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This Instagram update was my wake-up call to start noticing people

Two years ago the following YouTube video went viral for obvious reasons. It's compelling. It's challenging. And it's a message I needed to hear again after an Instagram update made me question how much I really care about others.

Look Up

"Give people your love, don't give them your like," the orator says.

These words made me think about something that happened to me at the start of the year. Many friends and people I follow on Instagram were posting reflections and photo collages from the previous year. Yearbook-style, these posts commemorated the passing year and welcomed the new one.

Scrolling through my feed I saw one such update from a close friend. She shared that the previous year had included lots of highs and lows. Among the lows she listed was a miscarriage the previous Fall.

Reader--I burst into tears at this news, but not for the reason you think.

I was crying because this was the first time I'd heard about her miscarriage.

I'd spent countless hours of my life with this friend. She was a key support for me through my own heartache with infertility years before. And here I was, learning about such a heavy sadness months later through Instagram.

I remember immediately going back through her feed. I'd seen her posts throughout the autumn and holiday seasons. I saw my own name listed among those who liked her updates.

"Give people your love, don't give them your like."

Clearly I'd given her my like, but to miss something so big was like a Giant Red Warning Sign.

I'd failed to give her my love.

Learning to Notice People

In The Jesus-Centered Life, author Rick Lawrence says something that I wish I'd taken more to heart with my friend. He writes,

"Few of us ever feel noticed. Even fewer feel ridiculously noticed."

Jesus ridiculously noticed people during his ministry on Earth. He looked beyond the cultural stereotypes of his time and saw people. He cut through questions and went straight to the heart of the questioner. He challenged. He comforted. And he knew which one the person in front of him needed more.

To be like him is to notice like him.

We can't really notice people through our phones.

As I regretfully learned that morning on Instagram, noticing--ridiculously noticing--can't be done through a smartphone or a like. There's too much left unshared in these public spaces. Noticing is touch, eye contact, presence.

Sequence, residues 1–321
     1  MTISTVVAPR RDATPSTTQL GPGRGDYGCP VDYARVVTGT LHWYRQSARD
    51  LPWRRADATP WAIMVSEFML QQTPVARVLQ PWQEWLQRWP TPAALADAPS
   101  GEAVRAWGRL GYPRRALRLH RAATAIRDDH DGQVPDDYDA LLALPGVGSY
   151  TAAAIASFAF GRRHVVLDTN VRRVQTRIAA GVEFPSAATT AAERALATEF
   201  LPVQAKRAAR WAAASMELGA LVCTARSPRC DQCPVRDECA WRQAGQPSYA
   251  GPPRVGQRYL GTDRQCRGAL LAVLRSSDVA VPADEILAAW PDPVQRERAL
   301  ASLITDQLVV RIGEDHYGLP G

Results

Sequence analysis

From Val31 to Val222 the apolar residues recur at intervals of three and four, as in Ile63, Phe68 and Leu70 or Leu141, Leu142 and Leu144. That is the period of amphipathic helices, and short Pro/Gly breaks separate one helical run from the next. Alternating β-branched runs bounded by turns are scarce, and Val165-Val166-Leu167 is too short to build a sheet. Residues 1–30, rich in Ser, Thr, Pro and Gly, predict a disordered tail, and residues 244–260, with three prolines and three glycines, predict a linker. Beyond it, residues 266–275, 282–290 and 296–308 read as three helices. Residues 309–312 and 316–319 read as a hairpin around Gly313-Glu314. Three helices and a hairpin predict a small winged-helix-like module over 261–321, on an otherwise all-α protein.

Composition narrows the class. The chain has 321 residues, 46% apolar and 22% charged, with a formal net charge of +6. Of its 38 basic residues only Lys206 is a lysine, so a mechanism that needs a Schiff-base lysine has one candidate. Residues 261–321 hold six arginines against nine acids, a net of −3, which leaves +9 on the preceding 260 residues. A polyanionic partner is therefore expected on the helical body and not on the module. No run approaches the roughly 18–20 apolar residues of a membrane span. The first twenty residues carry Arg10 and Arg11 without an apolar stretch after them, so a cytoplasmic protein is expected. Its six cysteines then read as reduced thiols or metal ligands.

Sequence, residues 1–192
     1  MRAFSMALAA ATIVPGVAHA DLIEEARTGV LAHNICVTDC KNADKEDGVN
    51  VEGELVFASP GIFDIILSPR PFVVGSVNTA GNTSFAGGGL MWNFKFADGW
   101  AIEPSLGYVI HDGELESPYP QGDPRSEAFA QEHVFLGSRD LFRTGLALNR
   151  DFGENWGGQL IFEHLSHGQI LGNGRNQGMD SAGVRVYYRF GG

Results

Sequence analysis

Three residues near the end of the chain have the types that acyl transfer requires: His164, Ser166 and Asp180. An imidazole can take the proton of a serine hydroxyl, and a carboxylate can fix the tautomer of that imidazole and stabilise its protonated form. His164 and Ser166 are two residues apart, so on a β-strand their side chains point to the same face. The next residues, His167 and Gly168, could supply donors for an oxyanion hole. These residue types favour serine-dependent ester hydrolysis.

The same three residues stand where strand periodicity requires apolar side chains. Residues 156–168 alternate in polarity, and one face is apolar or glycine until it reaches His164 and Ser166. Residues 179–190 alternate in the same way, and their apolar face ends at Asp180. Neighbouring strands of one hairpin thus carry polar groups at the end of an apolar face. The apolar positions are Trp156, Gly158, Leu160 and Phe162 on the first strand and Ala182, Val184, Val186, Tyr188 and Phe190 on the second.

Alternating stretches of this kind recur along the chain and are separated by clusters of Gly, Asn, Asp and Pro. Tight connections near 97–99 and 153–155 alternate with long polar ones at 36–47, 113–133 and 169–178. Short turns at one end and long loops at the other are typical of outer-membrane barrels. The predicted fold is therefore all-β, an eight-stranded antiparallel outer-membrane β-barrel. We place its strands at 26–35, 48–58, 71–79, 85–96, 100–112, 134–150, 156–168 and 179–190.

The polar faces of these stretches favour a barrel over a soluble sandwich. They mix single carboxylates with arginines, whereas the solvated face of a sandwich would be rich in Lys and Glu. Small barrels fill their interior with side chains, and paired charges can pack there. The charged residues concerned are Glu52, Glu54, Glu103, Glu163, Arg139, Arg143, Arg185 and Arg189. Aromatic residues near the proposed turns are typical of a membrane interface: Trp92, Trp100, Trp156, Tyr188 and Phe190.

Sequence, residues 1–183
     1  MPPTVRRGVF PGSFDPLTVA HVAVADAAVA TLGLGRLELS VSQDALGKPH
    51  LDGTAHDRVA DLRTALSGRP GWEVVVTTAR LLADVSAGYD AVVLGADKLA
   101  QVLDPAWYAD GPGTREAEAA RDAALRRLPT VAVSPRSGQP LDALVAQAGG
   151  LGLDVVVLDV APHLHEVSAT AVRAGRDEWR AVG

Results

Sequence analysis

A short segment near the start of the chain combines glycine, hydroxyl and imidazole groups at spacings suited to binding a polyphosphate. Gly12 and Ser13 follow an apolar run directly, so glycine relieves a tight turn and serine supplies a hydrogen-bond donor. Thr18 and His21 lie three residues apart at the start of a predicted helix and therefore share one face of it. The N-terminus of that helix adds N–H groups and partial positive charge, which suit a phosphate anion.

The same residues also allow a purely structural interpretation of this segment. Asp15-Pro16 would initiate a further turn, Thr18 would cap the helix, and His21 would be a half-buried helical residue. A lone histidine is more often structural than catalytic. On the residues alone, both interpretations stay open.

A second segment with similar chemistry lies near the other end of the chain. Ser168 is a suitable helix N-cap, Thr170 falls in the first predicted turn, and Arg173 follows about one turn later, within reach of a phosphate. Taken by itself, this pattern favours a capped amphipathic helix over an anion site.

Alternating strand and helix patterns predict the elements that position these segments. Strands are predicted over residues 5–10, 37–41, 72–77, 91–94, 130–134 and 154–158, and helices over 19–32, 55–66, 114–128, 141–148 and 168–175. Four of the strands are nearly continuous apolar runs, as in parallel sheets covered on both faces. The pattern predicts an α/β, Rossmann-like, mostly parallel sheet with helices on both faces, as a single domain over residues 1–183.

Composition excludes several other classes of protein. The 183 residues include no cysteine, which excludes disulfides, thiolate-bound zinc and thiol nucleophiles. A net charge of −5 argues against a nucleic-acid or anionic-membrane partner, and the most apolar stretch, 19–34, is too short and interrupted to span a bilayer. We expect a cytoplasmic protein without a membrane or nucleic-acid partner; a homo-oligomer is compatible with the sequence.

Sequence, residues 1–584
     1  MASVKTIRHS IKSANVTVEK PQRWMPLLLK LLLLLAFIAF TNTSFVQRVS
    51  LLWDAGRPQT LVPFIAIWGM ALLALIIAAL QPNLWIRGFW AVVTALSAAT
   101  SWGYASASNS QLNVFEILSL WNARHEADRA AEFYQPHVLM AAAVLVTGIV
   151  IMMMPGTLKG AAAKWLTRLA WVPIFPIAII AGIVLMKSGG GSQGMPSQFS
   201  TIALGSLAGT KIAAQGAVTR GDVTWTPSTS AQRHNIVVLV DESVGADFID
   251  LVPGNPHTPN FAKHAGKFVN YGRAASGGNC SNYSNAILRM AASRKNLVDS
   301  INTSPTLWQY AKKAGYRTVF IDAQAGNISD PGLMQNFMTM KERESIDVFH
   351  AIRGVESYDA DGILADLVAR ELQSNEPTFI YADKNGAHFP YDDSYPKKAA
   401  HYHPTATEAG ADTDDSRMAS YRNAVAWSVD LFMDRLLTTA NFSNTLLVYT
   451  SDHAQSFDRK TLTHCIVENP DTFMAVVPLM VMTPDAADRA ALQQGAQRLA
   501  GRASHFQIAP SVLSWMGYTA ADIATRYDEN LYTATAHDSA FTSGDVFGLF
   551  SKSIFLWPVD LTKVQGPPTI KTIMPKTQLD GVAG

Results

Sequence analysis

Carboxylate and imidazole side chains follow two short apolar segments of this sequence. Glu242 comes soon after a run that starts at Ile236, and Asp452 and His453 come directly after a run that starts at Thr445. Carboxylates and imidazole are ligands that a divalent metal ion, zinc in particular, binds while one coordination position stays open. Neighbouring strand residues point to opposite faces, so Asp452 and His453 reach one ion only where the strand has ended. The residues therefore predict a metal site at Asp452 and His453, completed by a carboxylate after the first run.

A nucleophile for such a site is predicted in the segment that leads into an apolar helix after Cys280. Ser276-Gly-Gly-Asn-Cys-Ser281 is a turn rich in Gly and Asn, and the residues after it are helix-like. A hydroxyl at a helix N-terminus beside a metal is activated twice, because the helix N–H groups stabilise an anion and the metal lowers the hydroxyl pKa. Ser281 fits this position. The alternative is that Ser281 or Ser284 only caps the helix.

These were the things I'd failed to give my friend. We were busy, and months had passed since we'd sat together in a room and caught up, face to face. I was kidding myself when I thought that seeing her status updates, filled with photos from Halloween and Christmas, meant that we were connected. Her miscarriage was my wake-up call.

I called her that day and left a voicemail. "I just saw your update," I said, "and I'm so sorry I'm hearing it for the first time this way. Please forgive me." Since then we've talked and gotten together and shared the real news of our lives.

I still like Instagram, and I still offer my likes. But the Holy Spirit is challenging me to give more by ridiculously noticing the people he's put in my daily life.

Join me in this challenge to notice.

The next time you see the status update of a friend, pause and pray for them. Listen to the Holy Spirit to see if he prompts you to go deeper, to reach out, or to notice. Then follow through with love.

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Showing 2 comments
  • Joanna King


  • Janice Michaesl

    A cell phone isolate when we need to be in the presence of someone to communicate. A cell phone exclude when we need to include others and notice them. When we notice someone it makes them feel apart of something. So many things we need to change in this day and age when it comes to communication.

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